Thursday, August 18, 2005
Officials estimated nearly 5,000 people thronged the sale for the $50, four-year-old computers. Among them were 17 injured, four requiring hospitalization – one for a leg injury, and three for heat-related illness, said Henrico County Police. Reports of trampling in the stampede were not uncommon, and one driver reportedly tried to drive through the throng of prospective buyers.
Alice Jemerson, an elderly customer said, “They bum rushed the gates and I was knocked over, fighting for my life. All these people were on top of me.”
Shortly after 7am EST officials opened the gates and many residents ran hysterically toward the building where the sale was to occur at 9am.
At a post sale press conference, Henrico County Police spokesman Lieutenant Doug Perry told reporters, “A few bad apples found their way inside. It looked worse than it was.”
Apple iBooks are the preferred computer for Henrico County schools, and Director of General Services of Henrico County Paul Proto, said changes were made to the event after tremendous interest was generated, some as far away as Europe and California. Officials closed and moved the sale from the Henrico county school warehouse to the RIR, after residents complained that their tax dollars were used to buy the computers, and they ought to have first right to repurchase them. The Henrico County Board of Supervisors voted to amend the County Code so that only residents could purchase the laptop computers.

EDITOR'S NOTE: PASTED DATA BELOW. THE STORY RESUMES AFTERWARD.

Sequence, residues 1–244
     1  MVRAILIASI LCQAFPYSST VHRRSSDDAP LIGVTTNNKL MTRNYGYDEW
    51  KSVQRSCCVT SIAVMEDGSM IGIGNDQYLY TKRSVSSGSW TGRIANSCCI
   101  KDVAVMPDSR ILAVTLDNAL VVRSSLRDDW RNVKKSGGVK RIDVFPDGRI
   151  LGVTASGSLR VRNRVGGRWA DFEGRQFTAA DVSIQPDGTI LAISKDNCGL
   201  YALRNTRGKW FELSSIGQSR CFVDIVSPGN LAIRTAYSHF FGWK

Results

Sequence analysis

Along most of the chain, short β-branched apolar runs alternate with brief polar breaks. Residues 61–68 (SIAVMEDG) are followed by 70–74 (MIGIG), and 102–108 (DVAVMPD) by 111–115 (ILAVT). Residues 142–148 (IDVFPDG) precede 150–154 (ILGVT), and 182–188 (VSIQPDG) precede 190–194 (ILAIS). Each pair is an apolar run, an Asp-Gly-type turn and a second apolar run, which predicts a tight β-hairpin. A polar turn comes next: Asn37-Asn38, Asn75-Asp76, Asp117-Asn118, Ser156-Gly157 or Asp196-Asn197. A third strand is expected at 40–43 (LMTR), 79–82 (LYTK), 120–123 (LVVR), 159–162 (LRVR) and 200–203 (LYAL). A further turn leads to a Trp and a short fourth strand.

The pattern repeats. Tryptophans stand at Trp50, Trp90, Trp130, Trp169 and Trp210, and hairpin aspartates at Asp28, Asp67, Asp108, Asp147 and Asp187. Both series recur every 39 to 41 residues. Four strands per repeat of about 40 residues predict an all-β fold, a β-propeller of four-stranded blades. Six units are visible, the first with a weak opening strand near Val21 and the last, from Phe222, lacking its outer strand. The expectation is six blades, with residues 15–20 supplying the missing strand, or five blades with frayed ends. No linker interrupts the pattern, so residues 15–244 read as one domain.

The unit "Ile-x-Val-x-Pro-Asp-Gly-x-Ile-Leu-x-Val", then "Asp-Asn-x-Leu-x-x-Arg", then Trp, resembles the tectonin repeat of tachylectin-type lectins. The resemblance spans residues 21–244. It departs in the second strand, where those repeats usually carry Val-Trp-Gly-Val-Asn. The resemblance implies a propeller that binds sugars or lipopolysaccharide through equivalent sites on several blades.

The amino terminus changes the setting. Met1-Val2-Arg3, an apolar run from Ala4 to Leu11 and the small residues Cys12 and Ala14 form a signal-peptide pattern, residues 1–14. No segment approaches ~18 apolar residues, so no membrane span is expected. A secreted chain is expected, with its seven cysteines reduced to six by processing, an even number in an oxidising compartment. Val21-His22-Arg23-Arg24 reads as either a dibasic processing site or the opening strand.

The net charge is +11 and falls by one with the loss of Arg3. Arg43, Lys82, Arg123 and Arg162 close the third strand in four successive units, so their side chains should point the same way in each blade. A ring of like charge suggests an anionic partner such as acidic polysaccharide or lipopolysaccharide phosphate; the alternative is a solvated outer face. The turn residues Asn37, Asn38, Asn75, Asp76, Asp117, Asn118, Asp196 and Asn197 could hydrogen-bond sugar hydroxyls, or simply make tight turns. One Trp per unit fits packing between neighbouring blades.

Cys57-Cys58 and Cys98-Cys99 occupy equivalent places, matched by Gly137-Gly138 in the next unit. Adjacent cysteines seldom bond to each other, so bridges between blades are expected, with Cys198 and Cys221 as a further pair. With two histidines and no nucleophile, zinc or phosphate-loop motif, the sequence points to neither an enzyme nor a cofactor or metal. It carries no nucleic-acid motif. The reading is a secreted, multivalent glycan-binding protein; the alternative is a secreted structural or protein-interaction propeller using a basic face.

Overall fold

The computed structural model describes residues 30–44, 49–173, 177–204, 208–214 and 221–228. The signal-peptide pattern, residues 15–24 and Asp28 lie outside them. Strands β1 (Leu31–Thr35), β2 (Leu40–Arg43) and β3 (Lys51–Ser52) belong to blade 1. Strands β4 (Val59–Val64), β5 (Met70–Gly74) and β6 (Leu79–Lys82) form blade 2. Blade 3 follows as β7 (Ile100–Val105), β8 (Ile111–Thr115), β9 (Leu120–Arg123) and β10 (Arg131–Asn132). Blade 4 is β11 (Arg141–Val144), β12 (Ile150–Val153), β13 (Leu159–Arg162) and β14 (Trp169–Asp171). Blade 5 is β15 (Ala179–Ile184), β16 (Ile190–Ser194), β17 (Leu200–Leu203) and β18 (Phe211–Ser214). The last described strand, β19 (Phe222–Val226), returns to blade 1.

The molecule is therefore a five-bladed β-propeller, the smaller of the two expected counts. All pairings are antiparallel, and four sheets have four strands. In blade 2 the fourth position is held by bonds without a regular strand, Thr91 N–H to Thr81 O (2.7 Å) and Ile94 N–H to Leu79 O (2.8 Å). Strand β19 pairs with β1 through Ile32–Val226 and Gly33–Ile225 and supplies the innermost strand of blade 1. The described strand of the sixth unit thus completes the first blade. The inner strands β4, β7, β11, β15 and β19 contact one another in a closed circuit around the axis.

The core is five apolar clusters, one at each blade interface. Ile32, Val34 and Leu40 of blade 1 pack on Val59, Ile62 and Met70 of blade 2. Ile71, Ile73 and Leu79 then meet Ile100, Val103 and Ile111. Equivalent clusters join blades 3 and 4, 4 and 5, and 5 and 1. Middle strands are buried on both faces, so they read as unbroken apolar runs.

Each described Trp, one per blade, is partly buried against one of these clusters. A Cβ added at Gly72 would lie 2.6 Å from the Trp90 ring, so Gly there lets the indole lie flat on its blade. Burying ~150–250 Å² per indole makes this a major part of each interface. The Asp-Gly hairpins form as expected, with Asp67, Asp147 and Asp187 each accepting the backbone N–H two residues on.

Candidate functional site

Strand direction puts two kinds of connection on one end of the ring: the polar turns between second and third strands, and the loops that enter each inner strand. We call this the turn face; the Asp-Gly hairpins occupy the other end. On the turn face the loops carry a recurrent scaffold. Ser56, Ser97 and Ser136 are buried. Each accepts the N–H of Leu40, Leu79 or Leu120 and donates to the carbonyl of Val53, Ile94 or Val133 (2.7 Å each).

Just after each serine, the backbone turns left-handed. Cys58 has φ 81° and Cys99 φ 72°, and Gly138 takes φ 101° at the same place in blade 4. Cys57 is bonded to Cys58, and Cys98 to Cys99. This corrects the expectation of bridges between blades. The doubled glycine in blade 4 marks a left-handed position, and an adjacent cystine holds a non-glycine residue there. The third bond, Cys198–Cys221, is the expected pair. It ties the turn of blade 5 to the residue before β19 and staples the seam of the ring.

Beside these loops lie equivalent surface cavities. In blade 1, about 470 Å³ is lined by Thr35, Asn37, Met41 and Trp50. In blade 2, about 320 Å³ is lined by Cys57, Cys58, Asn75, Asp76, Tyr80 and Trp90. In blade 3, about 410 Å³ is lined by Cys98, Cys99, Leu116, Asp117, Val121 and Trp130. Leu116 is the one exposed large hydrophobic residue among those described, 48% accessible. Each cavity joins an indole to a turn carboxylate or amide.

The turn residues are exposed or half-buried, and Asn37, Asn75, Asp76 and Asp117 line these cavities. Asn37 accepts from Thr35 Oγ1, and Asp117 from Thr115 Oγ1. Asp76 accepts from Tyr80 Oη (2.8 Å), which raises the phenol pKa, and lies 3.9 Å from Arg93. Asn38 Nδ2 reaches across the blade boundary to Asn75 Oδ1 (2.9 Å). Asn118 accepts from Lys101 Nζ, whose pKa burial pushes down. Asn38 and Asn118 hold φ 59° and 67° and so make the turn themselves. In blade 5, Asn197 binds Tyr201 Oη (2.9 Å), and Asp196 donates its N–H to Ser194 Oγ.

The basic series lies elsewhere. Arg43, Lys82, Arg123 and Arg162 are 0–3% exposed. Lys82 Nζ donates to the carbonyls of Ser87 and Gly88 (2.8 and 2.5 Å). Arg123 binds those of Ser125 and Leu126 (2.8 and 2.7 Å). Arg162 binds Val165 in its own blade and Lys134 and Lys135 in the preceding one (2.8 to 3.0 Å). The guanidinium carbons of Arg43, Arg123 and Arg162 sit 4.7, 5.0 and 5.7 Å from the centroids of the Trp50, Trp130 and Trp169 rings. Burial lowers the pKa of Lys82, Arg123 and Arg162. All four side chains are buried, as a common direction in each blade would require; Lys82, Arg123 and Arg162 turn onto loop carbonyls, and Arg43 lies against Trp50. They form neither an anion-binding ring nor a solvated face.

Although officials had prohibited camping out and overnight parking, some in attendance reported that people began arriving at midnight.
Henrico Police Chief H.W. Stanley, Jr. said five patrol officers were originally planned for the event, a customary presence for an event the size authorities had estimated. But by 6 am, an enormous crowd was assembled at the front gate.
Officials present before opening told the crowd that automobiles would be allowed to enter first, which prompted many to run to their cars. But while some were running back to their cars, others rushed the gate. The resulting confusion created much anger, and guards closed the gates shortly thereafter.
Long lines encircling the sale building were commonplace, and one observer noted, “They’re going to see themselves on the news tonight, and see what fools they are.”
Some citizens, however, considered their wait worthwhile. Hairstylist and mother of two Sheress Blunt was one of the first hundred to buy one of the iBooks; she came with her mother and said they sneaked into the raceway through a side gate.
Tonya Vaughan arrived at 5:30 a.m., also bought one of the first iBooks and said three people offered to buy it from her for as much as $200. She declined however, saying, “I told them no way! I had worked too hard for it.”
Lt. Perry said many officers were complimented on the way they handled the crowd, adding that police were seen letting children who had been pushed aside, into the building.
Mr. Proto said, “There are no plans right now to have another iBook sale.”
Henrico County Battalion Police Chief Steve Wood said no arrests were made and the iBooks were sold out by 1pm EST.